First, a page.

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Original article by L. Busteed. Expanded using information supplied by Hans Ensing
The English truck-maker fated to join the Chrysler family started as Clayton and Company, in 1904. Three years later they started making Karrier cars; in 1920, they changed their name to Karrier Motors Ltd, quickly moving into the truck and bus chassis business.
Karrier’s early vehicles were tough, no-frills vehicles, with large load spaces, short length, and powerful engines for tackling Yorkshire hills. The first public service vehicle to climb Porlock Hill, Somerset, was a Karrier bus with 21 passengers and a 50 horsepower engine. Karrier’s main customers would be cities and towns.
Karrier, like Commer, produced trucks in World War I for the military — around 2,000 of them during the war. Afterwards, they built a new factory and created a new range of vehicles, by 1924 making 17 different models. In 1926, Karrier built its first purpose-built passenger chassis, which was progressively improved with pneumatic tires and weight reduction.
During the late 1920s, Karrier build numerous six-wheel chassis, two of which were the first vehicles to make a circuit of Australia — running on schedule for 22 weeks through 11,000 miles of harsh terrain.
In 1927, they launched the Super Safety Six Wheel Coach; in 1928, the Karrier-Clough Six Wheel Trolleybus followed. The KWF6, a rigid six-wheeler engineered for “the colonies” and for hard road work, had an eight-ton payload with single sets of wheels on each of three axles.
(Mechanical horses were lightweight, low-powered tractors usually used for local delivery. Their appearance could be similar to standard chassis-cab trucks, though many had three wheels.)
In 1930, Karrier produced a “mechanical horse” design, the Karrier Cob, engineered jointly with the London Midland & Scottish Railway for package delivery; it was powered by a two-cylinder Jowett engine, and could couple with horse-drawn trailers. The London and North Eastern Railway had the same idea, and turned to Scammell Lorries, which developed a similar concept but with an automatic couple/uncouple system for trailers; Scammell appears to have first used the term “mechanical horse,” in 1934 (they would later use Perkins diesels, followed by the same Leyland OE160 used by late Karrier Bantams).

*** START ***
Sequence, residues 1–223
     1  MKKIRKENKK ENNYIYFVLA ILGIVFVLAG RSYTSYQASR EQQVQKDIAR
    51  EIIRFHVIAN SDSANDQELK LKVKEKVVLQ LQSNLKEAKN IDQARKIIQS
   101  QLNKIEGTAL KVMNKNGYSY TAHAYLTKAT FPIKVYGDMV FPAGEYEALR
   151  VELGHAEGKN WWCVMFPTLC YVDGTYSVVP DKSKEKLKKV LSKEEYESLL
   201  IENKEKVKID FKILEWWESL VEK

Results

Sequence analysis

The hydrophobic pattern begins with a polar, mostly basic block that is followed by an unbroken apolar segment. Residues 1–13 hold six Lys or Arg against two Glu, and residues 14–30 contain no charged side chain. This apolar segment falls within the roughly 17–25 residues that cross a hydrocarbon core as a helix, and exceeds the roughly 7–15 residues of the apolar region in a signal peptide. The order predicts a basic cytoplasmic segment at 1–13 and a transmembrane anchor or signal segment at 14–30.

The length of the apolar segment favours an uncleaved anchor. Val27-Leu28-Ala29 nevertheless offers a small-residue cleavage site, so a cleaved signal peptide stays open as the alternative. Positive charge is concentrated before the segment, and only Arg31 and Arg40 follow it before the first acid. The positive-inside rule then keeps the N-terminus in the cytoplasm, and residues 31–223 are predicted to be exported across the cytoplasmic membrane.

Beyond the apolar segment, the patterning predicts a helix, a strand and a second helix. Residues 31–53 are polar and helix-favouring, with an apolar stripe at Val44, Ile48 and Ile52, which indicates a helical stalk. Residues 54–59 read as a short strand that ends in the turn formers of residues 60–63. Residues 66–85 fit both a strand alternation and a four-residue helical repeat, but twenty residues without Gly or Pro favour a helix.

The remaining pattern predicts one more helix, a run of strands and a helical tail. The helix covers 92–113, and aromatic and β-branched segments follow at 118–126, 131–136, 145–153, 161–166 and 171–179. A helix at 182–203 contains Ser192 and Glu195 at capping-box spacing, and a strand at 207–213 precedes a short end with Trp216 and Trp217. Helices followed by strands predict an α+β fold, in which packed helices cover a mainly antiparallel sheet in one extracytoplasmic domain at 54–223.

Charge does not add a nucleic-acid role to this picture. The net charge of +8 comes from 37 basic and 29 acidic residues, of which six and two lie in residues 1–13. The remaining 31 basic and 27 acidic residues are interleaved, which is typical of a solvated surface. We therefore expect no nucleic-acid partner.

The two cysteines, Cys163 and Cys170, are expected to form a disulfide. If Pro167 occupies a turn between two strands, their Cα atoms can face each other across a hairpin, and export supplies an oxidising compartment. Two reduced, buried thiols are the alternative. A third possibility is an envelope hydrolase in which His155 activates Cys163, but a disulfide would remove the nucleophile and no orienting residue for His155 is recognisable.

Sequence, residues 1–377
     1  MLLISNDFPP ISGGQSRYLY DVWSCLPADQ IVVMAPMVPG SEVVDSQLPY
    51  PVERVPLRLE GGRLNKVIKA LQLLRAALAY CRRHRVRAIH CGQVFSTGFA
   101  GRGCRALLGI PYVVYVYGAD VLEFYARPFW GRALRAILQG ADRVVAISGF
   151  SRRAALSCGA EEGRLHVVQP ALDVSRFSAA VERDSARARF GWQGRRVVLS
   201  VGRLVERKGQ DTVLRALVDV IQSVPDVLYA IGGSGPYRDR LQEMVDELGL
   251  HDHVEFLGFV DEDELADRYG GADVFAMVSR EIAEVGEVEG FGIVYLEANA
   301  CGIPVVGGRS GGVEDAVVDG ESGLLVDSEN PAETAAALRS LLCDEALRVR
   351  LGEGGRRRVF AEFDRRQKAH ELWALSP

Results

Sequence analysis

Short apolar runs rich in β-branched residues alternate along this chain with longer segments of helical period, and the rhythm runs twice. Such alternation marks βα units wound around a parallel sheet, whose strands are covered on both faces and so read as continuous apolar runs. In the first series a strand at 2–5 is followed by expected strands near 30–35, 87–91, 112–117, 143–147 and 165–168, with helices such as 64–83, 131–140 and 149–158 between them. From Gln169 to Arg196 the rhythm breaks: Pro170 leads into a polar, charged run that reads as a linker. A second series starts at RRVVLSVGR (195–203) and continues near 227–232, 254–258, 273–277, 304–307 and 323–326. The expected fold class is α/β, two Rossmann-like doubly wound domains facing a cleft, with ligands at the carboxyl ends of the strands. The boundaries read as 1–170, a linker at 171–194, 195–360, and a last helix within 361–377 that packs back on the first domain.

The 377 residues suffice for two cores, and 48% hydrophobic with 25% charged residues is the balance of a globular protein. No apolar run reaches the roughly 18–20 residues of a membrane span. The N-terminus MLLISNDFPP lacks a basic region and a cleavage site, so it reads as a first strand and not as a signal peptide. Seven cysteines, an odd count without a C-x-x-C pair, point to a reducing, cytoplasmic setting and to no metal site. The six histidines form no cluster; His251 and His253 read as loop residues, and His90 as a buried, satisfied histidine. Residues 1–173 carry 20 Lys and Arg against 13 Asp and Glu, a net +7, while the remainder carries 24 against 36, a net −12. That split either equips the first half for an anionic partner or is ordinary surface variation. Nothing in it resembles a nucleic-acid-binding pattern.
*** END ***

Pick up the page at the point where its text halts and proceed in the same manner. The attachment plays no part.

The Colt, launched in 1931, was a similarly designed tractor version, a two-ton three-wheel tractor, also powered by the Jewett horizontally opposed flat two-cylinder engine, with the “Colt Major” providing four cylinders.
Karrier also created the “road railer,” which had one set of wheels for roads and another for railroad tracks, and later developed a two-ton truck called the Bantam, a good seller with parcel carriers. The Bantam started out with just 9 hp, later raised to 18 hp via a Humber engine; its coupling was compatible with the Scammell system.
After two takeover bids, Karrier was acquired by Rootes Group in 1934. In Rootes’ usual fashion, production was moved to a new plant in Luton, and Hudersfield was closed; the model range was slashed to avoid competition with Commer, and shared components phased in. Karrier was focused on the Cob and Colt three-wheel “mechanical horses” (just three are known to survive), the Bantam, and the CK3 and CK6 three and six ton chassis for municipal use.